# User Guide: The Usual Intakes for Sodium and Potassium

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## Analysis of the 2015 Canadian Community Health Survey – Nutrition

### 1. Introduction

The present analysis responds to a request from the Committee to Review the Dietary Reference Intakes (DRI) for Sodium and Potassium of the National Academies of Science, Engineering and Medicine. As part of the review process, the Committee requested up-to-date information on the usual dietary intake of the nutrients Sodium, Potassium and Energy for the Canadian population. Data from the 2015 Canadian Community Health Survey-Nutrition was used to estimate distributions of usual intake from food at the national level.

### 2. Statistical Methods

#### 2.1. Dataset and Variables

The 2015 Canadian Community Health Survey (CCHS)-Nutrition1 Focus Share file was used to estimate distributions of usual intake from food for energy and several nutrients. The survey collected two recalls concerning type and amount of food consumed in the 24 hours preceding the interview; one for all respondents and a second recall from a representative subsample of the group. Using data from only the first dietary recall produces a measure of daily intake (i.e., the quantity of nutrients or food eaten in one day). Data from both the first and second recalls can be used to produce an estimate of usual intake (i.e., the long-term average intake). In general, it is more informative to study the usual intake distribution of a population than its daily intake distribution.

For the present analysis, distributions of usual intakes and associated standard errors were calculated for the following nutrients, energy and related ratios:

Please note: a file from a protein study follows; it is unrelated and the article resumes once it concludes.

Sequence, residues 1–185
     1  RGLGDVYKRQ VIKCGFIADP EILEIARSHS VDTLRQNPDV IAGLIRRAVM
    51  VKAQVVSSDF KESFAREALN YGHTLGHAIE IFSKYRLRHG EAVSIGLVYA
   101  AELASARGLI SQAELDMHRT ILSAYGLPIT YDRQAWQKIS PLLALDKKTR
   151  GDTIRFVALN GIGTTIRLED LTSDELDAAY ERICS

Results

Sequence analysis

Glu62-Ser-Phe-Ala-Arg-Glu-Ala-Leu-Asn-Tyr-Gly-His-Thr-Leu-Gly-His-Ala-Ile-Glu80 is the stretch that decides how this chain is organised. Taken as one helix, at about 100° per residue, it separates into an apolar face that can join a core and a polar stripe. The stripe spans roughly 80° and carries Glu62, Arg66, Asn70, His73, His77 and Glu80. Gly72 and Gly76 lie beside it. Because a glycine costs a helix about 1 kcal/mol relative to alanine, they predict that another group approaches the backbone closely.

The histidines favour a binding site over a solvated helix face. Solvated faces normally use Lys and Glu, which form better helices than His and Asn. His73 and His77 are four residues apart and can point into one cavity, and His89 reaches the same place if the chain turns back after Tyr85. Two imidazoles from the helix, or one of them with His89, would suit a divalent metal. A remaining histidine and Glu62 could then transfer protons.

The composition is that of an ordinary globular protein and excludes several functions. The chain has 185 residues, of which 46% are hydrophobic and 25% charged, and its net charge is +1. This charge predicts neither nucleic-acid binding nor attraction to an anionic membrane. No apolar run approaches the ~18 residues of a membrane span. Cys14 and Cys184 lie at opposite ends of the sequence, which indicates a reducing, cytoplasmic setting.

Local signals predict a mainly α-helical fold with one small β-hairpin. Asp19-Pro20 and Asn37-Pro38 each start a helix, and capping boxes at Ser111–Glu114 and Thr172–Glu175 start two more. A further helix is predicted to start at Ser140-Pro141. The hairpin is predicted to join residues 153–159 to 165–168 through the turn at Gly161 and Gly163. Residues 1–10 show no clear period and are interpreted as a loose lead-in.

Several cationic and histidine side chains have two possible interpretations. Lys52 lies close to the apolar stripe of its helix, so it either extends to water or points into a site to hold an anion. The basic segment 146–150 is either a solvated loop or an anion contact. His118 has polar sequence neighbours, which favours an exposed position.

• Sodium
• Potassium
• Energy
• Sodium to potassium ratio
• Sodium density
• Potassium density

For the nutrients, energy and ratios listed above, analyses were completed for each of the following DRI age, sex and life-stage groups: Males and females separately for ages 1 - 3 years; 4 - 8 years; 9 - 13 years; 14 - 18 years; 19 - 30 years; 31 - 50 years; 51 - 70 years; 71+ years; and 19+ years as well as males and females combined for ages 1-3 and 4-8. In addition, the following groups were analyzed: adults 19 years and older (males and females combined); pregnant women; lactating women; and pregnant or lactating women.

A second analysis was also completed to compute usual intakes for Sodium and Potassium, stratified by self-reported high blood pressure status. In addition, any participants who said yes, don't know or refusal to the question "Do you have heart disease?" were excluded from the analysis. The following DRI groups were included in the second analysis, stratified by blood pressure: Males and females separately for 19 - 30 years old; 31 - 50 years old; 51 - 70 years old; 71+ years old; and 19 years and older. Estimates were also provided for adults 19 years and older (males and females combined); pregnant women; lactating women and pregnant or lactating women.